One's in a while we also need to look at such events and read the news reports to get a feel of politics. He is widely reported as having scored political brownie points with the Shiv Sena. Worth a look. Read it the news story here.
The government is reportedly coming out with a policy that bans jet planes older than 15 years from flying.
Carriers operating jets that are more than 15 years old will have to look for replacement soon, as the civil aviation ministry has decided to gradually phase out older aircraft to check noise level around airports.
The development follows complaints from people living around the country’s busiest Delhi airport about the rising noise levels.
The new rules are likely to affect foreign airlines more as they would be also be barred from flying aged jets.
But what are the international norms in this regard? As per the globally accepted norms, the permissible noise is higher level in the vicinity of airports than other locations. India, however, does not differentiate between the noise level around the airport and other areas.
In the last few years aircraft movement in the country has multiplied with more and more people flying on the back of growing economy and increasing incomes. The Capital’s Indira Gandhi International airport (IGI) now handles as many as 650 aircraft a day.
BSE’s 30-share Sensex fell 434 points, or 2.68%, to 15,790.93. NSE’s 50-share Nifty declined 127 points, or 2.61%, to 4,718.65, its lowest since November 4, 2009. In the broader market, losers outnumbered gainers by nearly 5 to 1 on BSE. The MSCI Asia Pacific Index fell 2.6% and its Emerging Markets Index was down more than 2.5%. European and US indices were lower.
Indian shares were pummelled in a global equities and commodities sell-off, as investors fear that “dynamite” deficits of many governments across the globe may explode in coming months, pushing up interest rates and stall the statesponsored economic revival.
Investors fear that Spain, Portugal and Greece may find it difficult to manage their deficits as their revival tapers off, and it may hold true for many economies which have huge deficits.
Also, growth in developed economies, such as the US, without signs of revival in employment, signals that whatever has been achieved by government spending may not be enough to sustain the recovery.
VIX rises: India’s Volatility index, VIX, which reflects investors’ perception about market risk, rose to 30.07, its highest since September 14. A rising VIX suggests increased risk aversion to stocks.
This article argues that the arrival of the FGIE -- First Generation Indian Enterpreneurs -- on the Indian business firmament has also brought about a sea change and that it is time for us to look inward for the lessons and best practices followed by the first generation entrepreneurs.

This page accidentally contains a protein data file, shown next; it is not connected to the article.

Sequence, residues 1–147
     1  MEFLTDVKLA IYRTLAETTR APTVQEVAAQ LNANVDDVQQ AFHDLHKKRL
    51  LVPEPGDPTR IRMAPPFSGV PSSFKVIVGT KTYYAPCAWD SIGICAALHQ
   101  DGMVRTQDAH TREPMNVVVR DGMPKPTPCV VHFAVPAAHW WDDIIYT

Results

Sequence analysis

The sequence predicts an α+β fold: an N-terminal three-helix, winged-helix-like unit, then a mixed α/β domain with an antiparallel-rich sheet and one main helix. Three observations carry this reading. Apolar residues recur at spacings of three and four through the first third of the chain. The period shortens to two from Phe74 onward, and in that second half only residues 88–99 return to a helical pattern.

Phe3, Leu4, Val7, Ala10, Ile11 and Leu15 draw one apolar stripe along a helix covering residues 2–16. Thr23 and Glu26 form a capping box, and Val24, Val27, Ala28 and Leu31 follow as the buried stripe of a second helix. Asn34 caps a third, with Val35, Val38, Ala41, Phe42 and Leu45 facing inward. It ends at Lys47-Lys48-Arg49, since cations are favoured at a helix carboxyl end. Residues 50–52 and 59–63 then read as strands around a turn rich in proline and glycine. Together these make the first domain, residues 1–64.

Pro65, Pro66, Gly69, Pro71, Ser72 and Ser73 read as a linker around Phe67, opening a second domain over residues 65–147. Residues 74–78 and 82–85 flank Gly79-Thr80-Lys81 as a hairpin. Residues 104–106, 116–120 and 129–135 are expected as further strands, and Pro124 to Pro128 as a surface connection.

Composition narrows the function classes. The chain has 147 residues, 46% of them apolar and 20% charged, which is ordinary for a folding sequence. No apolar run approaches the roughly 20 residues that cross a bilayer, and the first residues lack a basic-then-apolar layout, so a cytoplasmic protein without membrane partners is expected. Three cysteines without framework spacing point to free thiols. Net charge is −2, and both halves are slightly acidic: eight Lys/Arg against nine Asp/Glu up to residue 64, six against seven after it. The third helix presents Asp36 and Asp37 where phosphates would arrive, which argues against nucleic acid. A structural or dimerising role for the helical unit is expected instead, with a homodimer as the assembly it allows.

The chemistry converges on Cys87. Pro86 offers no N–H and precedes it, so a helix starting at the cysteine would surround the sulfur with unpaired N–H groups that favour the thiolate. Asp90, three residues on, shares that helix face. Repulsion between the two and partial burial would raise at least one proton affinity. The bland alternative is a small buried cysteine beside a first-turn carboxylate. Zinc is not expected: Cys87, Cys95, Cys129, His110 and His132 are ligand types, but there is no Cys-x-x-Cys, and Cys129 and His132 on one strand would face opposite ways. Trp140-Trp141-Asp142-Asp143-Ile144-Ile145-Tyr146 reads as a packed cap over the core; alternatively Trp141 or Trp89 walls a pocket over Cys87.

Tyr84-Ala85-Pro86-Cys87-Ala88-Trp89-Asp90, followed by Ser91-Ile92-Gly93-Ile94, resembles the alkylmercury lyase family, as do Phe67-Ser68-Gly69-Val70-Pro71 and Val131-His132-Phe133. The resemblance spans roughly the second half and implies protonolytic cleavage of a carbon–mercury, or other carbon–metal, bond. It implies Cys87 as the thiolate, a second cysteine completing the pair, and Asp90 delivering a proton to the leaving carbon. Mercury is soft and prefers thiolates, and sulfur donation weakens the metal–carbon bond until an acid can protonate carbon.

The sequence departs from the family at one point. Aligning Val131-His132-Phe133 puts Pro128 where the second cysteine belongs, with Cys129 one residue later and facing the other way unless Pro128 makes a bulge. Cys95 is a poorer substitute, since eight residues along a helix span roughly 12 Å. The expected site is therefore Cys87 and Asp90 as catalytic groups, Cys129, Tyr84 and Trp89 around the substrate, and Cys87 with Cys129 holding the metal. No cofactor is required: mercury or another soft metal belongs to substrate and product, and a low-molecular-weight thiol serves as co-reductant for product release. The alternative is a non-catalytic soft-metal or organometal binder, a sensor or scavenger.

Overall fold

The southern members of the union are facing some tought times -- economically. Their stock and bond prices are tumbling amid investors' fears that heavily indebted countries in the south of the zone may be unable to cope with the fiscal and monetary demands of membership.
Facing the most severe economic strains since its birth 11 years ago, the euro zone looks likely to hold together for now but the exit of some of its weaker members cannot be ruled out in the long term.
Many analysts expect the European Union to intervene with some kind of aid for weak members if that proves necessary to keep the zone intact. But economies are diverging so sharply that even if weak members are bailed out, their problems could hurt growth in the zone for years, and conceivably prompt them to abandon the euro later this decade if the costs of membership seem too high.
The weaknesses of the euro zone’s southern members were masked in its early years by a benign global environment, cheap credit and housing booms. In the financial crisis of 2007-2009, membership protected countries from the worst market turmoil.
Indian-American Pulitzer Prize-winning author Jhumpa Lahiri has been appointed as a member of US President Barack Obama’s Committee on the Arts and Humanities, along with five others.
A fiction writer, Ms. Lahiri’s debut collection of stories, ’Interpreter of Maladies’, received the Pulitzer Prize, the PEN/Hemingway Award, the Addison M Metcalf Award and the New Yorker magazine’s Debut of the Year.
Her novel, ‘The Namesake’, was a New York Times Notable Book, a finalist for the Los Angeles Times Book Prize and was selected as one of the best books of the year by USA Today and Entertainment Weekly.
Her latest story collection, ‘Unaccustomed Earth’, won the Frank O’Connor International Short Story Award and the Vallombrosa-Gregor von Rezzori Prize.